One of the reasons Lincoln sympathized with slaves, Dr. Burlingame suggested, was that as a child he had been forced to work like a slave, a serf, a domestic animal, and hand over his earnings to his father, a course and brutal man who Abe deeply and naturally resented. “I used to be a slave,” Abe declared in one 1856 speech. “I have seen a good deal of the back side of this world,” he wrote a friend. He recognized that slavery was harmful not only to slaves but to slave-owners. “As I would not be a slave, so I would not be a master,” he said. Abe felt shame that his mother had a reputation for “unchastity.” He was accused by the fundamentalists of his day of “scoffing at Christianity” due to his irreverant sense of humor. He had difficulty spelling (“cheerman” for “chairman”) and pronouncing words properly. His clothes were poorly made and frequently did not fit his gangly frame. I asked Dr. Burlingame what would have happened to the nation if Lincoln had not been assassinated. Some cynics have suggested that Lincoln would not have been made into a secular saint, that indeed he might have been impeached just as his successor Andrew Johnson was, in the bitter debate over how to manage Reconstruction. But Lincoln was a much better politician than Johnson was, Burlingame said. It’s possible that a kindler, gentler implementation of Reconstruction by Lincoln might have led to a civil rights movement in the 19th century akin to what happened nearly 100 years later with the 20th century civil rights movement. So, one can argue that Abraham Lincoln’s assassination set the nation back nearly 100 years. Update: Andrew Sullivan culls a great quote from a speechby Lincoln in 1858 on American ideals, what we fight for — “the love of liberty which God has planted in us” — against the “cunning tyrants” who would destroy the spirit that yearns for liberty, keeping them (us) in “chains of bondage.” Drill Deeper:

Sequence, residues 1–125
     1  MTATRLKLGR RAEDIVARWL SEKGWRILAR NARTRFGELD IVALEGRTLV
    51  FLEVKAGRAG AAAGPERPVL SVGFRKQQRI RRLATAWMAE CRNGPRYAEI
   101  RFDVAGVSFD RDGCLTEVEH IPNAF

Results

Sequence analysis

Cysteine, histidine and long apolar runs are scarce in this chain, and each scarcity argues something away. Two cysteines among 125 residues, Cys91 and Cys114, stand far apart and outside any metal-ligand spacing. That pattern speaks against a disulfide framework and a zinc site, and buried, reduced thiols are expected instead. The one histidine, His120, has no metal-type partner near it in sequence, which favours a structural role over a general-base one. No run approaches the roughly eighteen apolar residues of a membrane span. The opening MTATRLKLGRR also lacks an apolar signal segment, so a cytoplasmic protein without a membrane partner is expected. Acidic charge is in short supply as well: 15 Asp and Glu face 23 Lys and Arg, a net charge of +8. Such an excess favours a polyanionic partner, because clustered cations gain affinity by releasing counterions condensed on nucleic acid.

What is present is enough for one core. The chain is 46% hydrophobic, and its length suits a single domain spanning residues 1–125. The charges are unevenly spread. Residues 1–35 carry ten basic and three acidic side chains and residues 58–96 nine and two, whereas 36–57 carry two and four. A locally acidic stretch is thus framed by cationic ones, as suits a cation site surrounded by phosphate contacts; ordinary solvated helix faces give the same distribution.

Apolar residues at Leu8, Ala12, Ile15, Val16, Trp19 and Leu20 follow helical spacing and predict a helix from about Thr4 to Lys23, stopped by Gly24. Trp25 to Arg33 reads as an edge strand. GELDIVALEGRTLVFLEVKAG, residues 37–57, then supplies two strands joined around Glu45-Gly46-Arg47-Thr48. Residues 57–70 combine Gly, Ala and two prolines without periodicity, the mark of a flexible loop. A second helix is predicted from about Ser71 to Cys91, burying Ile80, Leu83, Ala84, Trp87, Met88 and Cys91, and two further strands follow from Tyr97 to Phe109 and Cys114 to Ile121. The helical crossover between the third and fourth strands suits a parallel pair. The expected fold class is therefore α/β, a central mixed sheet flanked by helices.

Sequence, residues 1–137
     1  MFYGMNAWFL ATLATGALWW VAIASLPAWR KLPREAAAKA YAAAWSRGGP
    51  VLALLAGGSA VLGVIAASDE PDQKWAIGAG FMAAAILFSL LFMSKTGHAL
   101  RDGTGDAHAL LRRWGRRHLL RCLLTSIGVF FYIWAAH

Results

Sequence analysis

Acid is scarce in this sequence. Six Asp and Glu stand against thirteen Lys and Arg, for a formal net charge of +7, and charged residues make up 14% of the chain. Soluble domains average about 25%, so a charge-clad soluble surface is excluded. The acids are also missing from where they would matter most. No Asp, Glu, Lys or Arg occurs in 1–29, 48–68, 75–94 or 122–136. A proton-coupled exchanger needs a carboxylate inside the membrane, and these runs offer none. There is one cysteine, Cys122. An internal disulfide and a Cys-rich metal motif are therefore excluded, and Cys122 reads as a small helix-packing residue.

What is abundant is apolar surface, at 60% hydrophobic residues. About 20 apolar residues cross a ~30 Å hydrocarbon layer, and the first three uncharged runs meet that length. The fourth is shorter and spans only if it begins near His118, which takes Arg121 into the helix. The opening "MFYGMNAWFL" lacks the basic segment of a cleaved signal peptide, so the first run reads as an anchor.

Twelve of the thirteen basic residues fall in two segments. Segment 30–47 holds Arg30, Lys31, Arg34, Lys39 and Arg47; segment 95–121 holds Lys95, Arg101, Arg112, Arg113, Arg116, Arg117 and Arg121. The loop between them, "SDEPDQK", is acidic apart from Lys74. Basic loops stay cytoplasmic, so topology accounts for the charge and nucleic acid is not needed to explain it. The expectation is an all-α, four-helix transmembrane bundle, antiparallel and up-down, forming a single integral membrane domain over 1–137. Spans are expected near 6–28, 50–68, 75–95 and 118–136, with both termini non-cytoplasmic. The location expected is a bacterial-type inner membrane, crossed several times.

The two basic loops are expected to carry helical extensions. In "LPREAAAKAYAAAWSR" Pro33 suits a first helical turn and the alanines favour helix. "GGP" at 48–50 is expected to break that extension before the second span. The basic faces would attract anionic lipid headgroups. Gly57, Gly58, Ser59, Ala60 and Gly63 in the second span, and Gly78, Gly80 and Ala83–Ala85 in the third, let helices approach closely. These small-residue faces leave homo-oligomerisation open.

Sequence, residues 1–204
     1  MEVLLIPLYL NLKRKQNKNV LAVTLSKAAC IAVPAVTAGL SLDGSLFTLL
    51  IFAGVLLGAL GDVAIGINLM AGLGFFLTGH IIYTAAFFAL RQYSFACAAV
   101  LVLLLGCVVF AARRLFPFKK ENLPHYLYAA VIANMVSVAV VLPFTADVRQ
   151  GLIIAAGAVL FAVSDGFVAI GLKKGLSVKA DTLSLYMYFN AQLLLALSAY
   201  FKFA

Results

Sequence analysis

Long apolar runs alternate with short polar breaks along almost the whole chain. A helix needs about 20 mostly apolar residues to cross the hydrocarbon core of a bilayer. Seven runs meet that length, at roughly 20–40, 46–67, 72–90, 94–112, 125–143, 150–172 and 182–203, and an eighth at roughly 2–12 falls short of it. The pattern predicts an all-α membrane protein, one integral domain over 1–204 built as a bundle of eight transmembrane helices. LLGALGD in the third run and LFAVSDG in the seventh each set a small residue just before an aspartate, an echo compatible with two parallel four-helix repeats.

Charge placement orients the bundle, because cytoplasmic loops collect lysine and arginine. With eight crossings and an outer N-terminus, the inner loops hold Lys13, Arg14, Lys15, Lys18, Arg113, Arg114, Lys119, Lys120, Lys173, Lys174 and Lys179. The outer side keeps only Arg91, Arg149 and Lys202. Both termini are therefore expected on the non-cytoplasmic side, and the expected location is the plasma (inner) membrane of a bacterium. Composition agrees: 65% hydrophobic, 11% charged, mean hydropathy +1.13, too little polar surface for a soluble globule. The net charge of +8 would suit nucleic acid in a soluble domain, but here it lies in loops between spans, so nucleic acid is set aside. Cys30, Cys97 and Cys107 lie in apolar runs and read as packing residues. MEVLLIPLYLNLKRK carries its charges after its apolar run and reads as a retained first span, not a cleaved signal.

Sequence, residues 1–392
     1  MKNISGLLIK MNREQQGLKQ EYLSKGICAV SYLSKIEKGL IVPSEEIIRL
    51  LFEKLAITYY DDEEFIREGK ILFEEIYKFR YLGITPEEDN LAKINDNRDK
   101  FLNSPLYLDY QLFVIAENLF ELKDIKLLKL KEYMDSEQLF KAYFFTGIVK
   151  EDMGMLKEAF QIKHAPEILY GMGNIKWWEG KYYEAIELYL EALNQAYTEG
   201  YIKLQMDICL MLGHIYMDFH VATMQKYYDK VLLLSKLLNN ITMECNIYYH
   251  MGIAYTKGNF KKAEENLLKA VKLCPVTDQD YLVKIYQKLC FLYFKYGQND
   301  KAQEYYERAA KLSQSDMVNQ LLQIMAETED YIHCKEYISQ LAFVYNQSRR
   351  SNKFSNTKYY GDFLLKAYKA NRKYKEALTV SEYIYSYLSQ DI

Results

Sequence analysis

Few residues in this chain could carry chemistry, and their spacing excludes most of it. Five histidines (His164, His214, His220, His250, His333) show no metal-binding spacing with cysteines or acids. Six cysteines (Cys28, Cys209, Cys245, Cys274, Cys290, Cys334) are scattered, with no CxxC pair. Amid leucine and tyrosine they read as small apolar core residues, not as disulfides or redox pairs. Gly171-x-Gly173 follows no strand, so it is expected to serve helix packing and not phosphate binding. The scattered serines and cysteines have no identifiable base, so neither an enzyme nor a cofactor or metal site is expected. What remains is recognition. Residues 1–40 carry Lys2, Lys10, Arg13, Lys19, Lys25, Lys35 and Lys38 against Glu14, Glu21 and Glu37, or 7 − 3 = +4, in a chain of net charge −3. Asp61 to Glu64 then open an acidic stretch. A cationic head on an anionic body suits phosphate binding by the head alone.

- Michael Burlingame‘s website (includes video interviews)
- Abraham Lincoln: A Life on Amazon.com
- Burlingame discussing his Lincoln biography on BookTV (9:40)
- Civil War Memory Blog: Reflections of a High School History Teacher and Civil War Historian: Burlingame on Lincoln, along with other interesting links on Lincoln and interesting posts from Kevin Levin
- Abraham Lincoln Blog
- Lincoln’s Emancipation, by Christopher Hitchens in The Atlantic.